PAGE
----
36410906 (S.D.N.Y. Nov. 13, 2001). The magistrate thus found waiver and ultimately concluded,
under the waiver-by-implication doctrine, that it was a blanket waiver of all attorney-client
communications. Id. On appeal, the district court upheld the finding of specific waiver but reversed
the magistrate's finding of blanket waiver. Id. at *3-4. The district court reversed the finding of
blanket waiver because the defendant stipulated that he did not intend to assert advice of counsel as
a claim or defense. Id.
Here, Total stipulated that it will not raise the advice of counsel as a claim or defense. In
addition, Total notes that it has never even used the term; Kerr-McGee used it at Total's corporate
deposition. Because it stipulated so, there can be no finding of blanket waiver. And as to specific
waiver, the Court finds nothing in the pleadings about the substance of any communication. That
Total or its counsel testified that advice occurred is of no moment. Courts hold that only if the
substance of the underlying communication is disclosed will there be a finding of waiver. Charles
Woods Television Corp. v. Capital Cities/ABC, Inc., 869 F.2d 1155, 1162 (8th Cir. 1989)
("Furthermore, Woods TV's argument that ABC waived the privilege at trial also lacks merit.
Although the network's witnesses testified generally about the effects of the merger, they never
mentioned the particular communication in question."); Boyd v. St. Paul Fire & Marine Ins. Co., 775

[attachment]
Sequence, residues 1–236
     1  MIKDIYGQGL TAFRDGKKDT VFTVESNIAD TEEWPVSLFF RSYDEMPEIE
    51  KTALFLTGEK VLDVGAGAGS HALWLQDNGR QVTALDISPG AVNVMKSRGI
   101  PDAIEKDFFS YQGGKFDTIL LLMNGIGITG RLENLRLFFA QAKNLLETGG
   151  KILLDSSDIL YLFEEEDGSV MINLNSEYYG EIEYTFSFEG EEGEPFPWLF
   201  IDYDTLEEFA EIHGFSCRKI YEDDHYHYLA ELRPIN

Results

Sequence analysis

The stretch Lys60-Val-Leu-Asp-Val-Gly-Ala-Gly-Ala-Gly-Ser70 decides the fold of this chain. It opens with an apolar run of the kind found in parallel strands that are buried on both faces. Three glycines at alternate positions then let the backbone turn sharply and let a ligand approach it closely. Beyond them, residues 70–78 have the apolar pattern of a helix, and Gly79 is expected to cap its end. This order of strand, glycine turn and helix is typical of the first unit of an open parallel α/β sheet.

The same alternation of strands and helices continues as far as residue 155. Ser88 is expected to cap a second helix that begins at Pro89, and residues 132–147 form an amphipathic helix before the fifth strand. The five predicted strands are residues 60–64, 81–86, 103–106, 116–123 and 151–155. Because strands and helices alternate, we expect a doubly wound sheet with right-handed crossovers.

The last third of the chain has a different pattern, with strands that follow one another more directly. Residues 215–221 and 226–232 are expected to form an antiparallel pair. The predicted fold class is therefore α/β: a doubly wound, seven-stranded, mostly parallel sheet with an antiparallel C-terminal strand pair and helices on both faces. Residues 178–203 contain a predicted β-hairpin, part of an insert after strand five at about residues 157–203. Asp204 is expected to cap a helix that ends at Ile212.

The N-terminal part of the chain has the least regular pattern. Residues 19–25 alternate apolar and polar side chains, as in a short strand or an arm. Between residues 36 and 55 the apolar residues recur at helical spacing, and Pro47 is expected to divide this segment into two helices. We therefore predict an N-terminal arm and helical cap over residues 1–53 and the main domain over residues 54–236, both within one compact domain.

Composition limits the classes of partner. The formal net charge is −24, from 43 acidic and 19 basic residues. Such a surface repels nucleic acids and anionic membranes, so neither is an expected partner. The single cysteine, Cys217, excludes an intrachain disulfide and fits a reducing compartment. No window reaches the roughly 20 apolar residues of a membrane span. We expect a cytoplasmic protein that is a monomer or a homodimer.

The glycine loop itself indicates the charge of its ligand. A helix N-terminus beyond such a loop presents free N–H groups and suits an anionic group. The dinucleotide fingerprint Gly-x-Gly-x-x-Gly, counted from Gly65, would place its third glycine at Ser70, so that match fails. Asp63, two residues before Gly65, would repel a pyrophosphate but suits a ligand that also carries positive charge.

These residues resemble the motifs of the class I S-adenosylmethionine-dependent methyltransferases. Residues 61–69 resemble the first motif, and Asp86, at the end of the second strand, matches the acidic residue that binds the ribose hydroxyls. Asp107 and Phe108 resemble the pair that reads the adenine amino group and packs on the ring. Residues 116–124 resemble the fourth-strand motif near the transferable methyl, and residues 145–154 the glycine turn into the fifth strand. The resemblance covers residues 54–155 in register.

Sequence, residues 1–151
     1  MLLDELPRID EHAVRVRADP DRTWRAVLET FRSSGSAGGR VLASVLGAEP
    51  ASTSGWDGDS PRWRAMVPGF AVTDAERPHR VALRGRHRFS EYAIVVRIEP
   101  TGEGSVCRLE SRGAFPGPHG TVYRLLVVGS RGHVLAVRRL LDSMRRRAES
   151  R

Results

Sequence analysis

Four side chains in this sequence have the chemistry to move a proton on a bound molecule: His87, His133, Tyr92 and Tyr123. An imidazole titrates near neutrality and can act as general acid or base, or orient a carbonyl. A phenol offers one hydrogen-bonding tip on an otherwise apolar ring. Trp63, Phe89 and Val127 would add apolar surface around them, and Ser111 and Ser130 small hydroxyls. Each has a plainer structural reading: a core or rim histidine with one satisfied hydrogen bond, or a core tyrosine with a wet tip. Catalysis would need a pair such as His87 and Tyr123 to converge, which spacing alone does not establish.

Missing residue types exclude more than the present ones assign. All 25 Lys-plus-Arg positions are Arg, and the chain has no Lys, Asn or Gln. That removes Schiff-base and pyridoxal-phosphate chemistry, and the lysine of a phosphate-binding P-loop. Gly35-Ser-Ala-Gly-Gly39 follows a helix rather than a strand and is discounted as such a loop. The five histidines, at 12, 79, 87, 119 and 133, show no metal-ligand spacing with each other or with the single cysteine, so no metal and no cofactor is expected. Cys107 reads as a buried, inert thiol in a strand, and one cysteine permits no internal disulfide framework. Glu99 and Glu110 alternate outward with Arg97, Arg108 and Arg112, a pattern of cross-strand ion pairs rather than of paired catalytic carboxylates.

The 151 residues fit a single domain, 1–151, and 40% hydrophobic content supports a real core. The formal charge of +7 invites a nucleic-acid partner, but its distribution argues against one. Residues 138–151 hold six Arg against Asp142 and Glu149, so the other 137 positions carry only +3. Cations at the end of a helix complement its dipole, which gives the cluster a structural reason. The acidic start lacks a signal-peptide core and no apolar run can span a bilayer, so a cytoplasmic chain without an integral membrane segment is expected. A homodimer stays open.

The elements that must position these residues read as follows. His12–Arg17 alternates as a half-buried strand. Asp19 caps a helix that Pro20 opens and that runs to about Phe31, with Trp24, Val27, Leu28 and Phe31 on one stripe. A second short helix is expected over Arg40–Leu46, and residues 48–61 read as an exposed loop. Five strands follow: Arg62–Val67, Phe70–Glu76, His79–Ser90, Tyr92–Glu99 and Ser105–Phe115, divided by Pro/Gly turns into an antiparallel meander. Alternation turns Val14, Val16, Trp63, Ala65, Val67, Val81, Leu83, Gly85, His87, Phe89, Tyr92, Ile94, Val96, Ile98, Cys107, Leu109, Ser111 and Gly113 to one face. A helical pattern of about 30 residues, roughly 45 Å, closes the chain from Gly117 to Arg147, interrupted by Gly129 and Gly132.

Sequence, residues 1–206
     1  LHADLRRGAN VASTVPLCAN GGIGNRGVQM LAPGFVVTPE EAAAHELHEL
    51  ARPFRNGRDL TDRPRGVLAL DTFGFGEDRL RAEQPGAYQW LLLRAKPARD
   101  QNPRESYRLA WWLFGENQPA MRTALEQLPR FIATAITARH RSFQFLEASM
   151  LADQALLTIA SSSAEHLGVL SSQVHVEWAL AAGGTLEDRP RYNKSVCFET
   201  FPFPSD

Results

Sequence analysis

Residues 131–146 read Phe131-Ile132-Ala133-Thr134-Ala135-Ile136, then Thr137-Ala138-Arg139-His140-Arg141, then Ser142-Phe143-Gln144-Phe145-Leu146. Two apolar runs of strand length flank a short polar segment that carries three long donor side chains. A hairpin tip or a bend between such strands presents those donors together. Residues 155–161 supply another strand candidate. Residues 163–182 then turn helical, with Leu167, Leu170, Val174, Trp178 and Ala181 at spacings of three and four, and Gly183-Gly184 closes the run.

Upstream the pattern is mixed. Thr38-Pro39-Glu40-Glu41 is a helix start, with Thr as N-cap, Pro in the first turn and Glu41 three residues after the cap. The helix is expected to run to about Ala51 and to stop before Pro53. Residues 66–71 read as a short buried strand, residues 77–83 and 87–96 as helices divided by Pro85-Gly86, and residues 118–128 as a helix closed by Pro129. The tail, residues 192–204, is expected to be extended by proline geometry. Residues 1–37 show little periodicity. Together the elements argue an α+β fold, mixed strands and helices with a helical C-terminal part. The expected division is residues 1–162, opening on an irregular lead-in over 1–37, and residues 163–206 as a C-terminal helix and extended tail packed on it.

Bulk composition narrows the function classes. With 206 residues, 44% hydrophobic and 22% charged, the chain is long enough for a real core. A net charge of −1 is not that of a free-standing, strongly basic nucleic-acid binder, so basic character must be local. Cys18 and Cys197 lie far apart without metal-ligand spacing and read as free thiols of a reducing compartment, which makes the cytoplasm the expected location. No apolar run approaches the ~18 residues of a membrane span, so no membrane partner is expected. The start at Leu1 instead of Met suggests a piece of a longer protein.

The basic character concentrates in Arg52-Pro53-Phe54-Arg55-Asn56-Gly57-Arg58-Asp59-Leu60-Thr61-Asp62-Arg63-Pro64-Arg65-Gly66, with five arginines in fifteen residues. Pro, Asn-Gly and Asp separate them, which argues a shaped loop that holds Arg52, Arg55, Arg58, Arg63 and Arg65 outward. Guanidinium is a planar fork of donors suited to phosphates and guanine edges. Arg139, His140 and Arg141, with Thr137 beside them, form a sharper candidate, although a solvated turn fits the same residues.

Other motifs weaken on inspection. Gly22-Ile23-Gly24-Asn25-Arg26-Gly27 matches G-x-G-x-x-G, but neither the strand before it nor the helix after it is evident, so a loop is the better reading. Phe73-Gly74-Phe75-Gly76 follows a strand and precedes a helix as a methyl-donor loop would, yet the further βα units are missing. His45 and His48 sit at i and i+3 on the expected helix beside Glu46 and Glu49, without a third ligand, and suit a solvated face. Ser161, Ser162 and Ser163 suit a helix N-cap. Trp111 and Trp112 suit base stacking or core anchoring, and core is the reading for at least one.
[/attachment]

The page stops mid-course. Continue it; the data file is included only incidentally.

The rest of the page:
So. 2d 649, 656 (La. Ct. App. 2000) ("[A] waiver of the privilege most commonly results from a
privilege-holder's abuse of it in three types of situations: (1) “partial disclosure”—a strategic
introduction into evidence of only part of a larger class of privilege material; (2) “pretrial and partial
disclosure”—a pretrial disclosure of privileged communication indicating a decision to rely on
privileged evidence at trial; (3) “placing privileged communications at issue”—an affirmative
pleading of a claim or defense that inevitably requires the introduction of privileged
Kerr-McGee asks the Court to open a precipitous door. Were the Court to hold as KerrMcGee asks, any individual involved in litigation who testifies, "I talked to an attorney," would be
deemed to have waived any attorney-client privilege. This Court is not willing to open that door.
For the foregoing reasons,
IT IS ORDERED that Kerr-McGee's Motion to Compel Production of Documents and ReOpening of Depositions [Doc. #329] is denied.
New Orleans, Louisiana, this 30th day of September, 2014.
DANIEL E. KNOWLES, III
UNITED STATES MAGISTRATE JUDGE